Why are we there?
- Armed conflict
- Social violence
- Health care exclusion
- Endemic/epidemic disease
Honduras: Latest MSF Updates
- Honduras: Prioritizing Care for Survivors of Sexual Violence
- Central America: Migrants Victimized at Home and During Journey
- Migrants' Journey Through Mexico To the U.S.
- Fighting a Deadly Dengue Fever Outbreak in Honduras
Honduras has experienced years of political, economic and social instability, and has one the highest rates of violence in the world. This has medical, psychological and social consequences for the population.
MSF continued its servicio prioritario or priority service in collaboration with the Honduran Ministry of Health, offering emergency medical and psychological care to victims of violence, including sexual violence. This free, confidential, one-stop service is available at two health centers and in Tegucigalpa’s main hospital .
In 2015, MSF treated 1,367 victims of violence, including 593 victims of sexual violence, and carried out 1,436 mental health consultations. Medical treatment for rape includes post-exposure prophylaxis to prevent HIV infection and provide protection against other sexually transmitted infections, hepatitis B and tetanus. Mental healthcare includes counselling and psychological first aid. MSF has also been involved in training and sensitizing medical staff to the needs of victims of sexual violence, and ensuring the necessary human resources are available.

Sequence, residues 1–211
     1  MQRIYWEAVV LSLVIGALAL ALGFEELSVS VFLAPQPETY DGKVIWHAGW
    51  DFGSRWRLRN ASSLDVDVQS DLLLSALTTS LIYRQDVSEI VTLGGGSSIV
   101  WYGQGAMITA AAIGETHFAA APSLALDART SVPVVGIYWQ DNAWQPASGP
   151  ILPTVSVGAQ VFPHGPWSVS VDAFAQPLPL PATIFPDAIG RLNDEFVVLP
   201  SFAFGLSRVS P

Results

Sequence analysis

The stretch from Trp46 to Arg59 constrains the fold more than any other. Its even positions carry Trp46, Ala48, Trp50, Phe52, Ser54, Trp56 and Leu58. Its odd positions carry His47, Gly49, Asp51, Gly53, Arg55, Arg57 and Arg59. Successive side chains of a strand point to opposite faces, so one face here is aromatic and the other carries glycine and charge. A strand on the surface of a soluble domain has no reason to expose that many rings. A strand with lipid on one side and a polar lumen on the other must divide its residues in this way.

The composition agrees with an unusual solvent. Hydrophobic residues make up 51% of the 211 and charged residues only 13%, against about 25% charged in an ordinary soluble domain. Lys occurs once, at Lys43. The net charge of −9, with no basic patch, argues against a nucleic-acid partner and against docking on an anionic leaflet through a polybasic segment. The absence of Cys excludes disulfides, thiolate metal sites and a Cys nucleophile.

The emergency contraceptive pill remains banned in Honduras, despite ongoing debate in the Honduran Congress to change the policy on emergency contraception. MSF continues to advocate for access to medical care for victims of sexual violence (including emergency contraception) that is in accordance with international protocols. MSF has highlighted the psychological and medical consequences of pregnancy as a result of sexual assault.
At the end of 2015, MSF had 46 staff in Honduras. MSF began work in the country in 1974.
Aurelia—an MSF patient in Tegucigalpa, who was raped at gunpoint by strangers
“Before the (MSF) doctors took care of me, I wanted to die . . . I felt dirty; I felt as if I had lost a part of my life; I didn’t want to exist anymore. But I had therapy and counseling and, thanks to this, I’ve been able to overcome a lot. It has changed my life."
* Name has been changed